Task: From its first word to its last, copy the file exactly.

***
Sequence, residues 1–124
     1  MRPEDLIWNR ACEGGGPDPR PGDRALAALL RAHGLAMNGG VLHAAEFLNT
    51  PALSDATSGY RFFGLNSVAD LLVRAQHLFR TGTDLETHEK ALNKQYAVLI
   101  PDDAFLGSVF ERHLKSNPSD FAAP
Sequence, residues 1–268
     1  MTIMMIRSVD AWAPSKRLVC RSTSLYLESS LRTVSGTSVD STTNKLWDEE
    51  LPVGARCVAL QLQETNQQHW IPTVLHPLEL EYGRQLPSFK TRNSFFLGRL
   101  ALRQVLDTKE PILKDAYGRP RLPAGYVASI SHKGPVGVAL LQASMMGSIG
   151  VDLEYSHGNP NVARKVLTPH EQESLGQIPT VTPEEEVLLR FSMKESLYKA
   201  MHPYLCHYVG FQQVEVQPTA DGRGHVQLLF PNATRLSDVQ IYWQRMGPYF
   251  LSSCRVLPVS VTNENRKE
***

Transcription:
Sequence, residues 1–124
     1  MRPEDLIWNR ACEGGGPDPR PGDRALAALL RAHGLAMNGG VLHAAEFLNT
    51  PALSDATSGY RFFGLNSVAD LLVRAQHLFR TGTDLETHEK ALNKQYAVLI
   101  PDDAFLGSVF ERHLKSNPSD FAAP
Sequence, residues 1–268
     1  MTIMMIRSVD AWAPSKRLVC RSTSLYLESS LRTVSGTSVD STTNKLWDEE
    51  LPVGARCVAL QLQETNQQHW IPTVLHPLEL EYGRQLPSFK TRNSFFLGRL
   101  ALRQVLDTKE PILKDAYGRP RLPAGYVASI SHKGPVGVAL LQASMMGSIG
   151  VDLEYSHGNP NVARKVLTPH EQESLGQIPT VTPEEEVLLR FSMKESLYKA
   201  MHPYLCHYVG FQQVEVQPTA DGRGHVQLLF PNATRLSDVQ IYWQRMGPYF
   251  LSSCRVLPVS VTNENRKE